Synge and the Ireland of his Time: XII
By William Butler Yeats
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He was a drifting silent man full of hidden passion, and loved wild islands, because there, set out in the light of day, he saw what lay hidden in himself. There is passage after passage in which he dwells upon some moment of excitement. He describes the shipping of pigs at Kilronan on the North Island for the English market: 'when the steamer was getting near, the whole drove was moved down upon the slip and the curraghs were carried out close to the sea. Then each beast was caught in its turn and thrown on its side, while its legs were hitched together in a single knot, with a tag of rope remaining, by which it could be carried.
'Probably the pain inflicted was not great, yet the animals shut their eyes and shrieked with almost human intonations, till the suggestion of the noise became so intense that the men and women who were merely looking on grew wild with excitement, and the pigs waiting their turn foamed at the mouth and tore each other with their teeth.
'After a while there was a pause. The whole slip was covered with amass of sobbing animals, with here and there a terrified woman crouching among the bodies and patting some special favourite, to keep it quiet while the curraghs were being launched. Then the screaming began again while the pigs were carried out and laid in their places, with a waistcoat tied round their feet to keep them from damaging the canvas. They seemed to know where they were going, and looked up at me over the gunnel with an ignoble desperation that made me shudder to think that I had eaten this whimpering flesh. When the last curragh went out, I was left on the slip with a band of women and children, and one old boar who sat looking out over the sea.
'The women were over-excited, and when I tried to talk to them they crowded round me and began jeering and shrieking at me because I am not married. A dozen screamed at a time, and so rapidly that I could not understand all they were saying, yet I was able to make out that they were taking advantage of the absence of their husbands to give me the full volume of their contempt. Some little boys who were listening threw themselves down, writhing with laughter among the sea-weed, and the young girls grew red and embarrassed and stared down in the surf.' The book is full of such scenes. Now it is a crowd going by train to the Parnell celebration, now it is a woman cursing her son who made himself a spy for the police, now it is an old woman keening at a funeral. Kindred to his delight in the harsh grey stones, in the hardship of the life there, in the wind and in the mist, there is always delight in every moment of excitement, whether it is but the hysterical excitement of the women over the pigs, or some primary passion. Once indeed, the hidden passion instead of finding expression by its choice among the passions of others, shows itself in the most direct way of all, that of dream. 'Last night,' he writes, at Innismaan, 'after walking in a dream among buildings with strangely intense light on them, I heard a faint rhythm of music beginning far away on some stringed instrument.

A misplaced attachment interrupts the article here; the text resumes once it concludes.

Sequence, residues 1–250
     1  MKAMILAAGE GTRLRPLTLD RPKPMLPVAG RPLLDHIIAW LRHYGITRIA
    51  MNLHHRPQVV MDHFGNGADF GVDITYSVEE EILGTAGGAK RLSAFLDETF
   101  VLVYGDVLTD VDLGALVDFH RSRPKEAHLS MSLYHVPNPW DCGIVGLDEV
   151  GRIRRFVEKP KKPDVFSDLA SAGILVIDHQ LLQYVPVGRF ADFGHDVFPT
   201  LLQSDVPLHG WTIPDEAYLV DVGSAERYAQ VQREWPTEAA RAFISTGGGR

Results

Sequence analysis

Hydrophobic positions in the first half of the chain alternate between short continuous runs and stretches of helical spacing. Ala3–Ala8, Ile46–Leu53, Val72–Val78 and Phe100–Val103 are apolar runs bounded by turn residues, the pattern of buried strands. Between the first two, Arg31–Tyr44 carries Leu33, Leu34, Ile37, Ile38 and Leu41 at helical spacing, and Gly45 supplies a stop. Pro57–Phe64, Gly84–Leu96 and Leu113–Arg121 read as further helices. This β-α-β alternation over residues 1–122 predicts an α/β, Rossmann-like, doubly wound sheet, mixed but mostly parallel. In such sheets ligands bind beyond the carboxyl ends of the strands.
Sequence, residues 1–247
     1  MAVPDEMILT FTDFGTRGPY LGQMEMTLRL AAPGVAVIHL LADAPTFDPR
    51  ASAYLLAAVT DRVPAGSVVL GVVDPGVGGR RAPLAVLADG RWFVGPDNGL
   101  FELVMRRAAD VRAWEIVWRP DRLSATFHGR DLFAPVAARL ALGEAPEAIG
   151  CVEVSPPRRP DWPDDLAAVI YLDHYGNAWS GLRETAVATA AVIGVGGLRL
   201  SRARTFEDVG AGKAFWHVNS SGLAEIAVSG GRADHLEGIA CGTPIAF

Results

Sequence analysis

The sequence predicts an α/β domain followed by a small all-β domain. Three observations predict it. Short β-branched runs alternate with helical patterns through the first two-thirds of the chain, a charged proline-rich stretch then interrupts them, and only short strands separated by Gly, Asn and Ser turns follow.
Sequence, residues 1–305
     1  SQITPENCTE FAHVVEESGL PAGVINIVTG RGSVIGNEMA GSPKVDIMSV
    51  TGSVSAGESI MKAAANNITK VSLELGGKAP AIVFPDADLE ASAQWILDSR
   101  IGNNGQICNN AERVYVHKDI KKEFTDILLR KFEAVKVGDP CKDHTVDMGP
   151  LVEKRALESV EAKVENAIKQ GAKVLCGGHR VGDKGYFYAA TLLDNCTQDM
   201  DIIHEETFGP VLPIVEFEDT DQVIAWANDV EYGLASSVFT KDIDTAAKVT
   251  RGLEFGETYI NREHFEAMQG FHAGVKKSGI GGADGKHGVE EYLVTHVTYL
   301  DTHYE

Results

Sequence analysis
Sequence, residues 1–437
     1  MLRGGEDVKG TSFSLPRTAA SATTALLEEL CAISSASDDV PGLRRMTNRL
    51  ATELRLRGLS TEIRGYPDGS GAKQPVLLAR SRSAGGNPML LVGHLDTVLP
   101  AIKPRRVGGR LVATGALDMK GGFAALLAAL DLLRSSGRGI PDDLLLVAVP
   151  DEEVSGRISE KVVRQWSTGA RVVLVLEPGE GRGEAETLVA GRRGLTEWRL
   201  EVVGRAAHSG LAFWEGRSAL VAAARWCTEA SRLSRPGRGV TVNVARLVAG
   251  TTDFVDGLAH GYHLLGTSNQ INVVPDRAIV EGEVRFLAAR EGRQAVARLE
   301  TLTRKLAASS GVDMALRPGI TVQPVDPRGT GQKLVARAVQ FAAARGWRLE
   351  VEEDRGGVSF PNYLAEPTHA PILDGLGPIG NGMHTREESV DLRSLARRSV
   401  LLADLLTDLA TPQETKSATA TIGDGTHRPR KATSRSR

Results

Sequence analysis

'It came closer to me, gradually increasing in quickness and volume with an irresistibly definite progression. When it was quite near the sound began to move in my nerves and blood, to urge me to dance with them.
'I knew that if I yielded I would be carried away into some moment of terrible agony, so I struggled to remain quiet, holding my knees together with my hands.
'The music increased continually, sounding like the strings of harps tuned to a forgotten scale, and having a resonance as searching as the strings of the 'cello.
'Then the luring excitement became more powerful than my will, and my limbs moved in spite of me.
'In a moment I was swept away in a whirlwind of notes. My breath and my thoughts and every impulse of my body became a form of the dance, till I could not distinguish between the instrument or the rhythm and my own person or consciousness. For a while it seemed an excitement that was filled with joy; then it grew into an ecstasy where all existence was lost in the vortex of movement. I could not think that there had been a life beyond the whirling of the dance.
'Then with a shock, the ecstasy turned to agony and rage. I struggled to free myself but seemed only to increase the passion of the steps I moved to. When I shrieked I could only echo the notes of the rhythm. At last, with a movement of uncontrollable frenzy I broke back to consciousness and awoke.
'I dragged myself trembling to the window of the cottage and looked out. The moon was glittering across the bay and there was no sound anywhere on the island.'
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